In Australia, the academic Roland Boer has attempted to synthesize Calvinism and Marxism.[84] He has stated that "it became clear to me that within Christianity there is a strong tradition of political and theological radicalism, which I continued to explore personally. Reformed or Calvinist theology did not seem to sit easily with that interest, so I spent many a long year rejecting that tradition, only to realise later that Calvin himself was torn between the radical potential of elements in the Bible and his own conservative preferences".[85]

In Wales, Calvinistic Methodism is the largest non-conformist religion. Its beginnings may be traced to Griffith Jones (1684–1761), of Llanddowror, Carmarthenshire, whose sympathy for the poor led him to set on foot a system of circulating charity schools for the education of children.[citation needed] However, until the nineteenth century, the prevailing thought amongst Welsh non-conformists was that "it would be wiser if the churches limited their activities to those of the altar and not to meddle at all with the state and social questions". This stemmed partly from the traditional nonconformist belief in the separation of church and state.[86]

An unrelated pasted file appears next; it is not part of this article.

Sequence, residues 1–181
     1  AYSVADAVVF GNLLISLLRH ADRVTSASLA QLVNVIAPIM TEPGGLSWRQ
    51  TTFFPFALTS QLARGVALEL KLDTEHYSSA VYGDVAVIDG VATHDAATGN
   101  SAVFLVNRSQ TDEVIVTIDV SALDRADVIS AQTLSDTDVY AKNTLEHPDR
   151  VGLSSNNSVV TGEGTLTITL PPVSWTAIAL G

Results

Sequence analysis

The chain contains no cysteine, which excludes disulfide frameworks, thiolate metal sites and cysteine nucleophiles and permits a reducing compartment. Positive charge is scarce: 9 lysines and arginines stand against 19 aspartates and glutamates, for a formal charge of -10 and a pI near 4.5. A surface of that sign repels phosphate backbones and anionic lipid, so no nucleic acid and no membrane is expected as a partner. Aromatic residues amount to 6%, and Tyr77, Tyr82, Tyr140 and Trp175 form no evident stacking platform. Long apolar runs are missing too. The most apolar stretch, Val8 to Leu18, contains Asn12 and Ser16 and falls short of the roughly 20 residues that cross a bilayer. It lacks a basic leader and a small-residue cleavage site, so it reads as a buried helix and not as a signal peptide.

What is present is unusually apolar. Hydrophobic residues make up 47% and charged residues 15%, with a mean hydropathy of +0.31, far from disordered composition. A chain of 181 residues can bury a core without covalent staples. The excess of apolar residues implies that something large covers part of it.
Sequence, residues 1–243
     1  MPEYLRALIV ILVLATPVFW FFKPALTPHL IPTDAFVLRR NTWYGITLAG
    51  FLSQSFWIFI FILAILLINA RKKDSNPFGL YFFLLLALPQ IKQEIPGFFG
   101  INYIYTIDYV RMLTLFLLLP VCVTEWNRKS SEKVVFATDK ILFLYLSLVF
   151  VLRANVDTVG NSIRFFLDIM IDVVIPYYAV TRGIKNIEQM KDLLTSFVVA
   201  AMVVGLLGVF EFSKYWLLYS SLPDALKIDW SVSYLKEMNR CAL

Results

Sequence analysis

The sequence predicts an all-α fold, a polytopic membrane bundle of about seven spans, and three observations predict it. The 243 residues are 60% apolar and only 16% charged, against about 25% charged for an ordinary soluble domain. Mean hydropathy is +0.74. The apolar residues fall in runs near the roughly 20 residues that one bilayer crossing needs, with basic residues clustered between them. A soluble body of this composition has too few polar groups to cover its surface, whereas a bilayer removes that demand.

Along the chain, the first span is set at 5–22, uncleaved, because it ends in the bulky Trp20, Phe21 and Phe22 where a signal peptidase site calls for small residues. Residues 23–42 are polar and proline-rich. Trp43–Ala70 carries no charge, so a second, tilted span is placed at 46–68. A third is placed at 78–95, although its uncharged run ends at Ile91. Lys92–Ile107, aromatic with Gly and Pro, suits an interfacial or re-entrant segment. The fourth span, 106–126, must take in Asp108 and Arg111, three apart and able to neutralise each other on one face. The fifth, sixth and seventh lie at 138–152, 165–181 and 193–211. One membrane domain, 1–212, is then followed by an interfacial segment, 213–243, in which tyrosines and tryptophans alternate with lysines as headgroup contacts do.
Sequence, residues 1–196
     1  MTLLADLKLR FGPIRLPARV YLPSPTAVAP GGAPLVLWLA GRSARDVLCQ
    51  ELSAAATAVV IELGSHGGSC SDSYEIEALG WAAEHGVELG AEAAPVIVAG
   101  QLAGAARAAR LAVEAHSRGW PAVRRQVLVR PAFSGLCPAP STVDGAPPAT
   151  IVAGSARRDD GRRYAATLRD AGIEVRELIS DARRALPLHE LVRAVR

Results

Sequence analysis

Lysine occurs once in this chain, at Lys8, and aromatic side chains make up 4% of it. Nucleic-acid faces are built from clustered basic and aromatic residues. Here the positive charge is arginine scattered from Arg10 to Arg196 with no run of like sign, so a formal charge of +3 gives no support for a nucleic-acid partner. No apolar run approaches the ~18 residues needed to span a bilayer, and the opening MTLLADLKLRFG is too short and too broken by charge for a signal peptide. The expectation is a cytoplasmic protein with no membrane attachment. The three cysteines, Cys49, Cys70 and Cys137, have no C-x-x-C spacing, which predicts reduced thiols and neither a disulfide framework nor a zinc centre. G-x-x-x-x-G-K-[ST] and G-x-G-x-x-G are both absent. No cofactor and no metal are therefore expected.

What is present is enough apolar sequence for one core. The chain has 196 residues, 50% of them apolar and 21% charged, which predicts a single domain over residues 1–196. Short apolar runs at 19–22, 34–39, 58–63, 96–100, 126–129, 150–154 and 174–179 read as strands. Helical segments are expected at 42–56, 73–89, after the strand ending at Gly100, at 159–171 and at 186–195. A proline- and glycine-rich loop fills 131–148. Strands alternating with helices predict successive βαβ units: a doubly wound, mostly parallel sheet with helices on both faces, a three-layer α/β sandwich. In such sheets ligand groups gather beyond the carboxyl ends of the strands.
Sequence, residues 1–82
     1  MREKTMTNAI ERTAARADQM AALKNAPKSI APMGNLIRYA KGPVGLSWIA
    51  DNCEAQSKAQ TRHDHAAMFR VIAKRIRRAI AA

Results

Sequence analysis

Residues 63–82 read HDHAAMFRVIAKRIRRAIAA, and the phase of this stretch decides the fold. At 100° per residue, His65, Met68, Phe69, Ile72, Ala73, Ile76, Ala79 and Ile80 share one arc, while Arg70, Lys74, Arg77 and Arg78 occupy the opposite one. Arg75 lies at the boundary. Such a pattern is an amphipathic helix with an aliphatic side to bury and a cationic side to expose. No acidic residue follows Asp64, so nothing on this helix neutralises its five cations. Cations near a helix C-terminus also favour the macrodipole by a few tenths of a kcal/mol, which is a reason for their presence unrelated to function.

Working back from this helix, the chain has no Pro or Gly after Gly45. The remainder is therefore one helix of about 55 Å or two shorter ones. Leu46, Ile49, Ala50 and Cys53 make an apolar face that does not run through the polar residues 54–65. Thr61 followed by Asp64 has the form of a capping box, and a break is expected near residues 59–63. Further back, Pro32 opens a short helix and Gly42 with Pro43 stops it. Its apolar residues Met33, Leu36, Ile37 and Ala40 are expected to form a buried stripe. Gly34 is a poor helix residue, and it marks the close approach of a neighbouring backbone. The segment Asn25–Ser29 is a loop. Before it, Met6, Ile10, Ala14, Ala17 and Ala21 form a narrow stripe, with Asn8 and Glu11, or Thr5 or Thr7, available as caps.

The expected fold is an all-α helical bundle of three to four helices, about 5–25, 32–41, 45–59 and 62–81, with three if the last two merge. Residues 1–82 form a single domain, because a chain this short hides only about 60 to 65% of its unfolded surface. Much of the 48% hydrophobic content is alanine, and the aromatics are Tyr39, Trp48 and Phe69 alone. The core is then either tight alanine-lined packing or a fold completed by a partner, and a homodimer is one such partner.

In his influential sermon Y Ddwy Alwedigaeth (The Two Vocations), Emrys ap Iwan challenged this passive pietism: "We must not think, like the old Methodists, Puritans and some Catholics, that we can only seek Godliness outside our earthly vocation." He condemned those Christians who limited godliness to directly religious matters such as Sabbath observance and personal devotion. He declared that all earthly things, including language and culture, have some kind of divine origin.[87]